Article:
Australia should steer clear of the sanction fight between the US and China


Bruce Baer Arnold, University of Canberra

Even though Australia follows the United States in much of its policy, Australian exporters and consumers will be hoping we don’t get caught in the crossfire as the US and China impose sanctions on each other.

US President Donald Trump has the power to impose trade sanctions on China for its disregard of US intellectual property (IP) rights: patents, trademarks and copyright.

These sanctions could make Chinese exports more expensive or prevent access to the US market. China has already indicated it will play tit for tat, imposing its own sanctions.




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Trade disputes are often as much about rhetoric as about reality. China will remind the world that the US began as a pirate nation, harvesting European technological innovation and cultural production (such as work by Byron, Shelley, Dickens and Trollope) on the basis that it was a developing nation and because it could.

Away from the headlines China will likely take the US to the World Trade Organisation (WTO), a global mechanism for resolution of trade disputes. The US has announced it will take China to the WTO over patent violations.

The US will presumably ramp up claims with the WTO against other trading partners (such as India, Indonesia, Thailand and members of the European Union) that appear on its watch list for allegedly pirating US knowhow.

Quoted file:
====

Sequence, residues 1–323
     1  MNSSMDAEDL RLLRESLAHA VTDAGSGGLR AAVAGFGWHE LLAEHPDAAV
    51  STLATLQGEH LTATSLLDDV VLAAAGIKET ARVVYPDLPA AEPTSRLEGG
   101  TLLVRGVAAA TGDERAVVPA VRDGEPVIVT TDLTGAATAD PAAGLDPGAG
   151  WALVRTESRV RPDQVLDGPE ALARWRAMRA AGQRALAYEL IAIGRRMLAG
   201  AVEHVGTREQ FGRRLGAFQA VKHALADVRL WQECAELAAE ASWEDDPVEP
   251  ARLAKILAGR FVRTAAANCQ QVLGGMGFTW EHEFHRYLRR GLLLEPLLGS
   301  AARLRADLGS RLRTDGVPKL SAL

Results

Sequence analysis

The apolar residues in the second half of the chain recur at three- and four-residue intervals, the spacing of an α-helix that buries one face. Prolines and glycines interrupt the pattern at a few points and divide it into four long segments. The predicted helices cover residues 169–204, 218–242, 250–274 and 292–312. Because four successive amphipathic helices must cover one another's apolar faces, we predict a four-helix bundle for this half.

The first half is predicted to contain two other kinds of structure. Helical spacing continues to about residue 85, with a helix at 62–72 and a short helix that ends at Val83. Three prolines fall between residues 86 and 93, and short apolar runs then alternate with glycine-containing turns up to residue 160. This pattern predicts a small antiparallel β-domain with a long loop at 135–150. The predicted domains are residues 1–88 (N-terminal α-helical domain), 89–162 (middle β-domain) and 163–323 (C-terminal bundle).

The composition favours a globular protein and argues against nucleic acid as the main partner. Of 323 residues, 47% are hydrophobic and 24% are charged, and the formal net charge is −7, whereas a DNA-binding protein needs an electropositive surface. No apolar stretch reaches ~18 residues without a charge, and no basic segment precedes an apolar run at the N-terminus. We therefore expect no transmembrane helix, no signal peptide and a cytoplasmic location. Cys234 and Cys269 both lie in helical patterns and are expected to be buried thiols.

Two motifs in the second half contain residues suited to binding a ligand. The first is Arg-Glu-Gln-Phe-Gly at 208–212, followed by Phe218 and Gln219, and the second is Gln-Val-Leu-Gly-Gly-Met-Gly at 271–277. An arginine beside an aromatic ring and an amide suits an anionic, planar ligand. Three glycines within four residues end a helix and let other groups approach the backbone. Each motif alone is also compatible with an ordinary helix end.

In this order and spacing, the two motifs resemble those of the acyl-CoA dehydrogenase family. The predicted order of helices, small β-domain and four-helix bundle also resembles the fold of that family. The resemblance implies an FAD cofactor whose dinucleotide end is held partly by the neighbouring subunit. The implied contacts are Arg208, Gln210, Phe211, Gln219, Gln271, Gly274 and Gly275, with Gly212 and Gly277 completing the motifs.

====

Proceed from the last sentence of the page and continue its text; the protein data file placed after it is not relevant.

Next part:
What this means for Australia

Academics such as Matthew Rimmer have astutely highlighted disadvantages for Australian consumers as citizens of an IP colony. This is where we import more than we export in content and pay a premium for work from overseas.

For example, we pay more than our US counterparts for software and hardware that most people take for granted. Our IP regime – in principle and practice – construes many violations of IP rights as piracy.

Our regime is aligned with that of the US. That reflects our traditional defence policy and the significance of US investment. What is good for US companies Microsoft, Pfizer and Disney is deemed to be good for Australia.

But joining in this cascade of retaliation will jeopardise economic growth, foster political unrest in developing economies and penalise consumers. The salient feature of economic growth over the past four decades has been globalisation – trade and investment across borders – rather that fundamental productivity gains through information technology.

Integration with the global economy (alongside the hollowing-out of local manufacturing and the TAFE system) mean that we cannot turn back the clock to the days of Alfred Deakin. Deakin’s grand compromise – the Australian Settlement – promised to protect small farmers, local manufacturers and workers behind walls that restricted migration and imports.

The headline-grabbling sanctions from Trump might also not necessarily be supported. Some business leaders recognise the importance of trade across the global economy and are perplexed by the current policy that seems to be driven by Trump’s late-night tweeting rather than anything coherent.

Where does that leave China?

China’s response has so far been cool. Moderation in the public arena highlights the idiosyncratic nature of Trump’s statements. It also reflects a deeper reality.